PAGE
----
Post-mortem analysis of the high-profile Carbanak banking heist continues to suggest that the $1 billion-plus series of attacks not only represent a high-water mark in the panoply of major crimes, but has been executed by cybercriminals exploiting the same sort of human weaknesses that security experts have been warning about for decades.
The attacks – which saw over 100 financial institutions compromised in 30 countries, including Australia – were instigated through the use of widespread spear-phishing, in which criminals trick employees into opening malware-containing attachments by peppering them with emails that include relevant information to seem legitimate.
Once internal systems were compromised, the cybercriminals simply watched and waited, using keylogging and screen-scraping features to collect passwords to bank systems and – importantly – to watch everyday activities so as to learn what was considered normal.
This allowed the perpetrators to fly under the radar as they systematically looted bank accounts and covered their tracks with creative accounting. Related penetrations of banks' ATM networks would see ATMs set to dispense money into the hands of perpetrators waiting in front of their cash chutes.
The whole process, which Carbanak finder Kaspersky Labs has suggested went on for two years, “has been quite ingenious,” Gary Gardiner, ANZ director of engineering with security firm Fortinet, told CSO Australia.
“They're using remote access tools that are common and used by IT departments,” he explained, “but these have been designed to run without any input from the user. It's not as though they've attacked the banks themselves; these criminals have used the bank's own systems and transactional processes to steal the money.”
Vendors' broader participation in threat-intelligence networks like the Cyber Threat Alliance had built a broader defence that has proved highly effective in keeping up with new attacks, Gardiner said, noting that signatures for the Carbanak malware had been available for over 4 months.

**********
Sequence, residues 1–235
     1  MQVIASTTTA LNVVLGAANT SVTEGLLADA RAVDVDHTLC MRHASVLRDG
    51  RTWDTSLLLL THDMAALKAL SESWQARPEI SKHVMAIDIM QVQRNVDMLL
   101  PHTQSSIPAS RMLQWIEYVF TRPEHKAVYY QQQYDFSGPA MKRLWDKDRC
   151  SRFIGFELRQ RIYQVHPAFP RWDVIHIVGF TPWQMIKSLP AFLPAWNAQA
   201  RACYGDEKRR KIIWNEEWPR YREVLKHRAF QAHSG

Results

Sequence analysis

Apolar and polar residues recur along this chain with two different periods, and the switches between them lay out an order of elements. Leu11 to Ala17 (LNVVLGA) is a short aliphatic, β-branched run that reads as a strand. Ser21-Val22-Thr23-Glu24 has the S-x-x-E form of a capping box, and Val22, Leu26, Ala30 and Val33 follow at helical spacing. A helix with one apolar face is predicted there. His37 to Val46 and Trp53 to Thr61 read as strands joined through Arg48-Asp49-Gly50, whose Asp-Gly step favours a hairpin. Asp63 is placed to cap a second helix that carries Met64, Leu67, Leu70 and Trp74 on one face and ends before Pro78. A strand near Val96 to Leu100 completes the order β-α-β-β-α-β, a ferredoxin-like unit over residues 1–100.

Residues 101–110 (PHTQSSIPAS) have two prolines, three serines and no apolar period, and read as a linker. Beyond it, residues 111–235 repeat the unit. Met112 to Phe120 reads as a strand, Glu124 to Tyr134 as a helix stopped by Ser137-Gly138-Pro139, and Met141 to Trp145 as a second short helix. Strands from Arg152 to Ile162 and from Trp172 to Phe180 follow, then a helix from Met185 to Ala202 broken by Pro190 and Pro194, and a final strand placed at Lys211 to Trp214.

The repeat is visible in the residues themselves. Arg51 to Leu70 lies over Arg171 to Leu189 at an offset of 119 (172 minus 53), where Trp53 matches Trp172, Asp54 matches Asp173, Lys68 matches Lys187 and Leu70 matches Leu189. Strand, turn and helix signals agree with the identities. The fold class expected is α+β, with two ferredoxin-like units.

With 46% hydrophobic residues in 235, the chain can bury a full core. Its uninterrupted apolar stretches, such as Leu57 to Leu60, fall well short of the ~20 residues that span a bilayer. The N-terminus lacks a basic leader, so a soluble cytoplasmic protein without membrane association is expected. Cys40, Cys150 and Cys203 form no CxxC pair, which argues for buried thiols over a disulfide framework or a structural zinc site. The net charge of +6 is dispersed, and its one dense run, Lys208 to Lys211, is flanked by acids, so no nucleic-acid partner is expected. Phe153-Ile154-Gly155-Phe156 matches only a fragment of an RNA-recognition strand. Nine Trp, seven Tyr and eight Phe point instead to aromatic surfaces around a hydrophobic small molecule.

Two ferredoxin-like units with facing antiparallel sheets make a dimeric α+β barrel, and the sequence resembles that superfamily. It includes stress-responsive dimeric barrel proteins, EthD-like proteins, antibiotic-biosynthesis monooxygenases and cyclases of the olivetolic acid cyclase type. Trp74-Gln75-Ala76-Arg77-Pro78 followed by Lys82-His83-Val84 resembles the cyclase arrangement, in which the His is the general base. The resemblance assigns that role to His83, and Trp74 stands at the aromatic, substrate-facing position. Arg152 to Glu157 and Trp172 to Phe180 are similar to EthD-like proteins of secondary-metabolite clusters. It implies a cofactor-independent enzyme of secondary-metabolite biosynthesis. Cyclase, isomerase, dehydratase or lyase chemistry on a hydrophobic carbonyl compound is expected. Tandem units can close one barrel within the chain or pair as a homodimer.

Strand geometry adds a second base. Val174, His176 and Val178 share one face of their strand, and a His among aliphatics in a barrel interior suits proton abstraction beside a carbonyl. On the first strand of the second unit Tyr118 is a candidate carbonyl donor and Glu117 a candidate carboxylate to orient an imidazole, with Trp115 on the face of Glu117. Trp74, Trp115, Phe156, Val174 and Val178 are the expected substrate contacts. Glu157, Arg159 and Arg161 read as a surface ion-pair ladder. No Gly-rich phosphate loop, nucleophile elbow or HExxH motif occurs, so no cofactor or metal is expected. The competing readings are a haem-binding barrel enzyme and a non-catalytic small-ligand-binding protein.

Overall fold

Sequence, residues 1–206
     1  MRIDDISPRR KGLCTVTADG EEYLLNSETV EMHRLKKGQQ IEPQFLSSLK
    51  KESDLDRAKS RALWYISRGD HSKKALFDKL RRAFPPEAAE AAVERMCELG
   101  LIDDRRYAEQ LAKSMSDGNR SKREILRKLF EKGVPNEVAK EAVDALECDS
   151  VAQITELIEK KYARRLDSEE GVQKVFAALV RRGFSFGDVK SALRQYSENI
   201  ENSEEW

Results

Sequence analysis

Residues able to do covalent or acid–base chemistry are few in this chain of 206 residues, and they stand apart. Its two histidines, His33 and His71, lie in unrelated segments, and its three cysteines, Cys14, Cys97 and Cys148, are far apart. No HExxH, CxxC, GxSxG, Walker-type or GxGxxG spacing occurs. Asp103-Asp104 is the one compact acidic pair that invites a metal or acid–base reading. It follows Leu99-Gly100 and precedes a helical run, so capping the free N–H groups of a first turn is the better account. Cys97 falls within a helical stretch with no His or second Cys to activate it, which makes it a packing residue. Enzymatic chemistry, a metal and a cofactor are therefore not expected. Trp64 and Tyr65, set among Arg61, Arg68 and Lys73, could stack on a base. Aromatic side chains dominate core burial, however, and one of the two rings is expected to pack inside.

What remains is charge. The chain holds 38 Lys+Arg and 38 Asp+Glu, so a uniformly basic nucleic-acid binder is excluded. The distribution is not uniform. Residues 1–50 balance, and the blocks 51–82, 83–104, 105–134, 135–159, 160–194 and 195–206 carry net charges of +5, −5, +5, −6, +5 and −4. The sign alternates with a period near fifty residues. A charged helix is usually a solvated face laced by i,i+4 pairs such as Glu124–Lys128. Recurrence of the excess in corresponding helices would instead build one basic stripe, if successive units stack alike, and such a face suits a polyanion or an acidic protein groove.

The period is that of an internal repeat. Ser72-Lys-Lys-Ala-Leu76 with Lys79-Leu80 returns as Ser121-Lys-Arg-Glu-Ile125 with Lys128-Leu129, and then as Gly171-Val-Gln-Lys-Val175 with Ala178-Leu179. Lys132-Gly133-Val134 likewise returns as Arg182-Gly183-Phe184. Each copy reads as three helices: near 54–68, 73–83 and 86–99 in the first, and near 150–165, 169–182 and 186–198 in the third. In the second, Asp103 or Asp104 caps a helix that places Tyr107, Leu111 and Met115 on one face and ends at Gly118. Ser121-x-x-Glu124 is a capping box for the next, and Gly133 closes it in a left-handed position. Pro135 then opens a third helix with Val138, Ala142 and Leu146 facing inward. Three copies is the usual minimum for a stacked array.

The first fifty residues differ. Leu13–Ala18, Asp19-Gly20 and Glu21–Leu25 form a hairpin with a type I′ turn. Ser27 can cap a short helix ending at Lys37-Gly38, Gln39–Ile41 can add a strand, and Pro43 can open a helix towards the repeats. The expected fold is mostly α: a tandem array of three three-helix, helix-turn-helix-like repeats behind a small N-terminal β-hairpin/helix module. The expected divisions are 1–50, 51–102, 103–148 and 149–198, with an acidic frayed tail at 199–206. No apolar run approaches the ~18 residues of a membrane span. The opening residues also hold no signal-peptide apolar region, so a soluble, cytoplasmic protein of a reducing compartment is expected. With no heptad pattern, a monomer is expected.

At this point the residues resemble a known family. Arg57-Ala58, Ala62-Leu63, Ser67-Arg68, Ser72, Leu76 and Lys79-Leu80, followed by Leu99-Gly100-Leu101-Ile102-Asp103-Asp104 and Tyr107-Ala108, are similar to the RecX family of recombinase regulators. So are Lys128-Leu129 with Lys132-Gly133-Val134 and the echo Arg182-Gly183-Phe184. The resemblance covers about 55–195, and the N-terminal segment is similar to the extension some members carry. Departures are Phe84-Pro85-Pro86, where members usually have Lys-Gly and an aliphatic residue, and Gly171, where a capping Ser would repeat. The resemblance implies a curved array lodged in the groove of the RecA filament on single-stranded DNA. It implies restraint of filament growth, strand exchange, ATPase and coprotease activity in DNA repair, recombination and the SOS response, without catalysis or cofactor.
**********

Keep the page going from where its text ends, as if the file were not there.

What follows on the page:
However, even those efforts would struggle unless customers played along by keeping up with signature updates and adding tools that can scan outgoing traffic for command-and-control (C&C) communications.
If organisations believe they are a target, they really need to update their antivirus and scan all their systems,” Gardiner said. “There's technology to stop the C&C side of it at the gateway, so that even if your systems are infected they're not capable of calling out. It's all we really can do.”
Stu Sjouwerman, chief hacking officer with security consultancy KnowBe4, said in a statement that spear-phishing is “one of the most preventable and affordable” attack vectors to block.
“You would expect the finance industry to set the bar very high and have employees trained within an inch of their lives not to fall for such an attack,” Sjouwerman said.
“We would highly encourage financial institutions to take a look at their training methods and beef them up accordingly. Security Awareness Training allows you to put in place a more effective human firewall and protect your corporate and financial assets.”
This article is brought to you by Enex TestLab, content directors for CSO Australia.
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